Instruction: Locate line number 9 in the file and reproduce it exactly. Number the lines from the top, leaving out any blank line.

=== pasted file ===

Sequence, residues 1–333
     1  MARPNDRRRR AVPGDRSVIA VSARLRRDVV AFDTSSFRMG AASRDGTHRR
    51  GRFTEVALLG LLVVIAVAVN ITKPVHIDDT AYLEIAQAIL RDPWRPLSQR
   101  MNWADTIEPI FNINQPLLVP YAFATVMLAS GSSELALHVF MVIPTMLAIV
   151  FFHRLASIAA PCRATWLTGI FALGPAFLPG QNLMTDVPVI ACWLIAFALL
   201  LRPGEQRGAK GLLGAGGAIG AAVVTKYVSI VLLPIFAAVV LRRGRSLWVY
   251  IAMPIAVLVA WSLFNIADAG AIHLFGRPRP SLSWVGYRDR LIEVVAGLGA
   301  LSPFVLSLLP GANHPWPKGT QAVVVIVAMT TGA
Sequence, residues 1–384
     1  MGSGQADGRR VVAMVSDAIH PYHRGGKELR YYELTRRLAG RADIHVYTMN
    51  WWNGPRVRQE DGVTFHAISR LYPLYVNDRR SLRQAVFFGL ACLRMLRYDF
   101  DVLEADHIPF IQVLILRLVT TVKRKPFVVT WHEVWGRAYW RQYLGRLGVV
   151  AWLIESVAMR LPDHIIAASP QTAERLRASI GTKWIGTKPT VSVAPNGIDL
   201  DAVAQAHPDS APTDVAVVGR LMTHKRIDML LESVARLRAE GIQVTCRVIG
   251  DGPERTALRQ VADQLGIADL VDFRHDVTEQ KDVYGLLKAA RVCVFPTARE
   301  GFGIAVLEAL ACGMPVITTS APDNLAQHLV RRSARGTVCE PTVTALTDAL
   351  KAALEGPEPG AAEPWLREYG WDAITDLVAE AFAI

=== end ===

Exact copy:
Sequence, residues 1–384